George Cladis, Leading the Team-Based Church. San Fransisco, CA: Jossey-Bass, 1999. vii-xv, 1-189.
According to Cladis the best of kind of leadership model for the North American church in this postmodern era is the ministry leadership team. He begins by grounding his model in Trinitarian theology. Then he defines seven specific characteristics, based on his understanding of the Trinity, that such a team should cultivate and exhibit, discerning along the way connections between these characteristics and the contours of postmodernism. Effective ministry teams will be covenanting, visionary, culture-creating, collaborative, trusting, empowering, and learning. In the second section of his book Cladis treats each of these elements in detail, providing examples of their effectiveness and importance to the success of a ministry team leadership model.
When I saw that his first chapter would establish a theological foundation for ministry leadership teams in the way the Trinity operates, I was eager engage his ideas. He makes reference to Rublev’s Icon of the Holy Trinity, with the three persons pictured as sitting, perhaps on thrones, around a central table. Intense, intimate, but calm discussion seems to be occurring among the Father, Son and Holy Spirit. Cladis correctly discerns that Rublev was expressing the concept of perichoresis, the interpenetration of the persons of the Trinity. However, his argument that this term means ‘dance’ is, unfortunately, misguided. The term perichoresis does not mean ‘dance’.1 This is the meaning of the similar sounding perichoreusis, a term not used in the Greek fathers to describe the relationship within the Trinity. The Rublev icon does not show the members of the Trinity dancing, but sitting in quiet, intimate interaction. However, this mis-step does not affect the fundamental analogy that the relationship among the Trinity holds for ministry leadership teams.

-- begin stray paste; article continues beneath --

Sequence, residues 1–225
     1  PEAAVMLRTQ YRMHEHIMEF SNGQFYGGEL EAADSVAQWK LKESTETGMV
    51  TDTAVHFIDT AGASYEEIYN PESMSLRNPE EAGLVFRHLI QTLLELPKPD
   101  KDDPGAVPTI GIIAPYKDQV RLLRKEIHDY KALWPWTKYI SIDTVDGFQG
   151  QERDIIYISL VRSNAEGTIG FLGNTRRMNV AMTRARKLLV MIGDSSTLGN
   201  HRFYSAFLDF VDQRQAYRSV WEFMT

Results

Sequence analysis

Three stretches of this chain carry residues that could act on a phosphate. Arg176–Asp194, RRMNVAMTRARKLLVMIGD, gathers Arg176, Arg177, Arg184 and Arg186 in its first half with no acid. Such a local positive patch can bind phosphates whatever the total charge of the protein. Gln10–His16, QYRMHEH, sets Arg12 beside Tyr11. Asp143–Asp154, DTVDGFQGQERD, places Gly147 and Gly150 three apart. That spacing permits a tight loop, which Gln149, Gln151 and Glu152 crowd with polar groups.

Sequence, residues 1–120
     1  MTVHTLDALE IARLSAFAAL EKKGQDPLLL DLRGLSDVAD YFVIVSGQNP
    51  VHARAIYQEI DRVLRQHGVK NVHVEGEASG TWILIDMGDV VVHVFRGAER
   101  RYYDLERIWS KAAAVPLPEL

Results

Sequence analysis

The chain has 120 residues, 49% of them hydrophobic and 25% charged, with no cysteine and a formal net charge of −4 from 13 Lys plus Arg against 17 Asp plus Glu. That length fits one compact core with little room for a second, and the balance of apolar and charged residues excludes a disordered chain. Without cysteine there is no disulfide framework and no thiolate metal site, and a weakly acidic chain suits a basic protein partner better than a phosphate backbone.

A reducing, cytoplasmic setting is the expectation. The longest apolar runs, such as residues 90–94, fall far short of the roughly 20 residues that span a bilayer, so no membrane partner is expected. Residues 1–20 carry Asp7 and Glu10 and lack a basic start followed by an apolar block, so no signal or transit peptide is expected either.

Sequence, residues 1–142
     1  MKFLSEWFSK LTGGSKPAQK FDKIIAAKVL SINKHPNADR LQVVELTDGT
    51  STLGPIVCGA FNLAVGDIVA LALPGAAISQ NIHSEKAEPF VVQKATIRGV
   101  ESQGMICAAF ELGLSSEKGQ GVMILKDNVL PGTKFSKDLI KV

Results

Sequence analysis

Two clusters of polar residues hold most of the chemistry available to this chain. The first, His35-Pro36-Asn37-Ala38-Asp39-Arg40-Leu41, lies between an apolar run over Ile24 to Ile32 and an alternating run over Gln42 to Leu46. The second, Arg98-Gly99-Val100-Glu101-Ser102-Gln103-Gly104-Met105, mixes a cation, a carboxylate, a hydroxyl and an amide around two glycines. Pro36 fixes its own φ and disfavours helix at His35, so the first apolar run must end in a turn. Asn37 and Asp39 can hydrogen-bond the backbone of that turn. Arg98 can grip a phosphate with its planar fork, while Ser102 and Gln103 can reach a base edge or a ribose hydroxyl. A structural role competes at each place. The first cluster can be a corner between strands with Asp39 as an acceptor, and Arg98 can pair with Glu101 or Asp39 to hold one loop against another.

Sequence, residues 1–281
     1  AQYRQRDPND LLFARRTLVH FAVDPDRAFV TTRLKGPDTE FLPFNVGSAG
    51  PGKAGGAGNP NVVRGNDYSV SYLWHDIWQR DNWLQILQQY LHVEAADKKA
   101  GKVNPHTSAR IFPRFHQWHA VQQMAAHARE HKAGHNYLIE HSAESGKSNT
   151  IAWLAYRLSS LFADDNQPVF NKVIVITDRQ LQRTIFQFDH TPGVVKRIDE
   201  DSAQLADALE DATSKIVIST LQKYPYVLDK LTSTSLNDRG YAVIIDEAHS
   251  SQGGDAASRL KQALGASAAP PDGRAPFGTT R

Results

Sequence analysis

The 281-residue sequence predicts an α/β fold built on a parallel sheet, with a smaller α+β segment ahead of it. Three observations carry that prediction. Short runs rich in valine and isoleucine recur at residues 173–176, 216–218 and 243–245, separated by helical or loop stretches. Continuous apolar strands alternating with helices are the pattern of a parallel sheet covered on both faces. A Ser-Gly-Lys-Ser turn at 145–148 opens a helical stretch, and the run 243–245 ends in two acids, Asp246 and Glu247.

The seven attributes of ministry teams that Cladis identifies can be “derived from this imagery of the Trinity.” In particular the ‘culture of love’ that defines the Trinity is perhaps the fundamental reality that ministry leadership teams must recognize and embody. The view of sanctification as a constant learning is intriguing. Although Cladis identifies seven key attributes, I do not think he intends his list to be exhaustive. For instance, one of the characteristics of the Trinity is its creativity, but this is not explicitly noted by Cladis as a characteristic of ministry leadership teams.